Teacher resources and professional development across the curriculum
Teacher professional development and classroom resources across the curriculum
Dr. Sherilyn Williams-Stroud, senior research scientist at ChevronTexaco Energy Technology Company, observes sediments within a stream in the Appalachian Mountains. Scientists have measured the Appalachian Mountains to be 300 to 500 million years old and the Himalayan mountains to be approximately 40 million years old. Because the Appalachian Mountains are much older than the Himalayas, one might expect them to be shorter. Teacher Joe Reilly explains that mountain-building processes are not continuous in all sites around the world. Meanwhile, the process of erosion continually removes sediment and reduces the height of mountains. This is the reason that the Appalachians are so much lower and less rugged than other mountains, such as the younger Himalayas. Featured Scientist: Sherilyn Williams Stroud, Ph.D.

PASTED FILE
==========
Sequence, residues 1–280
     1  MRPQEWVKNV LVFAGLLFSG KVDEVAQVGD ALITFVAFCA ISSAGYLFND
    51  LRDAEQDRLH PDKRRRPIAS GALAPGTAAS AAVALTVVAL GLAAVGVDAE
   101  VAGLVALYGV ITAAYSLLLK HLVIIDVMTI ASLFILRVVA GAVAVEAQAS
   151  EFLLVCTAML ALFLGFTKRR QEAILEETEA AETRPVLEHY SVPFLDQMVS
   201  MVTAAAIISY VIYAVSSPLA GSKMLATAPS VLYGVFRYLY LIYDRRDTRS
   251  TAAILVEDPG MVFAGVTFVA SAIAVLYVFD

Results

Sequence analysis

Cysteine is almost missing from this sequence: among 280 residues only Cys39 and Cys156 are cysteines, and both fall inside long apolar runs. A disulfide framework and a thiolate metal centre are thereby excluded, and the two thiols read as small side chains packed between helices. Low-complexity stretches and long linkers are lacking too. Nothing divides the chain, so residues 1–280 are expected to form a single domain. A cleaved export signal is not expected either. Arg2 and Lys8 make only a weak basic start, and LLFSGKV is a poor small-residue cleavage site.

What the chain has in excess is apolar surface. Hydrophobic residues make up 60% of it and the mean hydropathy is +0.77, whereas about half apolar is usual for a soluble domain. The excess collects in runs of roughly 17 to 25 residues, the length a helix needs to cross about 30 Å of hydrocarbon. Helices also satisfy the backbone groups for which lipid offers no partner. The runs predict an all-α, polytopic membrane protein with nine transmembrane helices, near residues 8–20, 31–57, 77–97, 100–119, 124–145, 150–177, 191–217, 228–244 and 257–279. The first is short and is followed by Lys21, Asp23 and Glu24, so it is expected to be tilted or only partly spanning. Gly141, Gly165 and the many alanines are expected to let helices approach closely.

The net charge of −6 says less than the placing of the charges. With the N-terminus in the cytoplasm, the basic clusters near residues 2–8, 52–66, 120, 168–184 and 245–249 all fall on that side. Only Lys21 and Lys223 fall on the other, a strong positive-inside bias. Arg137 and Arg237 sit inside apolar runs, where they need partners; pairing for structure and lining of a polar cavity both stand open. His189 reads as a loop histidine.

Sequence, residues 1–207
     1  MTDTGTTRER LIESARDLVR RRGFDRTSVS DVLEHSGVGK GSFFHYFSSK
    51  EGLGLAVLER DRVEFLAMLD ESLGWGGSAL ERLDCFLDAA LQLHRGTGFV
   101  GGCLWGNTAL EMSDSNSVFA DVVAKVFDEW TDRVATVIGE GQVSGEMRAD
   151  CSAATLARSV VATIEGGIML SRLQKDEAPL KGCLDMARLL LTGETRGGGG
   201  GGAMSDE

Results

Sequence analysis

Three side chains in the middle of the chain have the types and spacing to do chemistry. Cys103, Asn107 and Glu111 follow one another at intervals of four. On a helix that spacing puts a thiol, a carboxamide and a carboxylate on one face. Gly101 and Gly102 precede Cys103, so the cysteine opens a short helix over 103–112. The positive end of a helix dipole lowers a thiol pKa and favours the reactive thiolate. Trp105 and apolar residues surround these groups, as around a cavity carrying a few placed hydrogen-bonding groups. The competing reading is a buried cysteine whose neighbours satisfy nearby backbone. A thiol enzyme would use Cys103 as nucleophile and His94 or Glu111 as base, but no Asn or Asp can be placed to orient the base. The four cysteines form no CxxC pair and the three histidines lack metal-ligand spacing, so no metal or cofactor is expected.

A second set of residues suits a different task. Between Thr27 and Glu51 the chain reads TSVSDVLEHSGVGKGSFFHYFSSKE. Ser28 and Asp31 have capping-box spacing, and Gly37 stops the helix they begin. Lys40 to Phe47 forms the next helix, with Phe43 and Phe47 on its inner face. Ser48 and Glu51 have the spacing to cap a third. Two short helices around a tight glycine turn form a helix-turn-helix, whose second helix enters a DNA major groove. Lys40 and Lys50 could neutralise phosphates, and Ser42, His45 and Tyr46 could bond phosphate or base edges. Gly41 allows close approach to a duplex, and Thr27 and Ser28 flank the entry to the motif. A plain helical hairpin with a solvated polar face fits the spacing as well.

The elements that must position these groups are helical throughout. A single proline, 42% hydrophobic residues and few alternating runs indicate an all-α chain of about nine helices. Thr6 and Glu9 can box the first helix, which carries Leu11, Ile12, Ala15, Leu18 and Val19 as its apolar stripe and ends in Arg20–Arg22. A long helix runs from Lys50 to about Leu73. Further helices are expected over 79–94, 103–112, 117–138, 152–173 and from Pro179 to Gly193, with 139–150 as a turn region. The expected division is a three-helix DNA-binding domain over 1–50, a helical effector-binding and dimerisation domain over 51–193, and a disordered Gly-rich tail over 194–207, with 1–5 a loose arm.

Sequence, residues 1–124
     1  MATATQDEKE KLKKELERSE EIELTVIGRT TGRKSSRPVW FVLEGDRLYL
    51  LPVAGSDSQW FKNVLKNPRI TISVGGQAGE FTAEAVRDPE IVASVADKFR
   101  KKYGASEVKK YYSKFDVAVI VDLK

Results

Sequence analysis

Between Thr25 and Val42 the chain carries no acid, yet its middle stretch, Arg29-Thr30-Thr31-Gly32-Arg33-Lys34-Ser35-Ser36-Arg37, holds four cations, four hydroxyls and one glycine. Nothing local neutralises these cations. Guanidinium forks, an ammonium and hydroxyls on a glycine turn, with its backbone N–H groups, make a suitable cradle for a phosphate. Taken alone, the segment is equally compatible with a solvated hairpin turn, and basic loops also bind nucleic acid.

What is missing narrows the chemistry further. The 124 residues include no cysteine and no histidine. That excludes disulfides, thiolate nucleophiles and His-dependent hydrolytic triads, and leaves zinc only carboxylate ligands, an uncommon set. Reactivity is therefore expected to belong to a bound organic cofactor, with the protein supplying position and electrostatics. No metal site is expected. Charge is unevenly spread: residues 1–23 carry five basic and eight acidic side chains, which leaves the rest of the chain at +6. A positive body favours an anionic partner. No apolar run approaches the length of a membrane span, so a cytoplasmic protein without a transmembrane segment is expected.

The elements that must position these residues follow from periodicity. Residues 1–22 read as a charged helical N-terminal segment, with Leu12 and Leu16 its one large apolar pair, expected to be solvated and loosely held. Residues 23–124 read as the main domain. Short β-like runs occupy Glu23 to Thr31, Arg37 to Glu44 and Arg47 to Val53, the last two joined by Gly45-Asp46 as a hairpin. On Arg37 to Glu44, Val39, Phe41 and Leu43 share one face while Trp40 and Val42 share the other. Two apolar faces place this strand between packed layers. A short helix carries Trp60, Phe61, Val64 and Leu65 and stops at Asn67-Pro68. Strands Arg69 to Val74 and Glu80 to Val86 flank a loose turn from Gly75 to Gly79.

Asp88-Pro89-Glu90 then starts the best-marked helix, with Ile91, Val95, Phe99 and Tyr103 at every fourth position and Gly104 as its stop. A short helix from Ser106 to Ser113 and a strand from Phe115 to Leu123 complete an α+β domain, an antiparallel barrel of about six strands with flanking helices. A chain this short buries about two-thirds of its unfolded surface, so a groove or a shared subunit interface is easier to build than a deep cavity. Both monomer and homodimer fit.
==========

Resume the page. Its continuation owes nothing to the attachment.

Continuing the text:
Grades 5-8 Standard A. Science as Inquiry: Think critically and logically to make the relationships between evidence and explanations.
Standard D. Earth and Space Science: Landforms are the result of a combination of constructive (sedimentation, volcanoes) and destructive forces (weathering and erosion).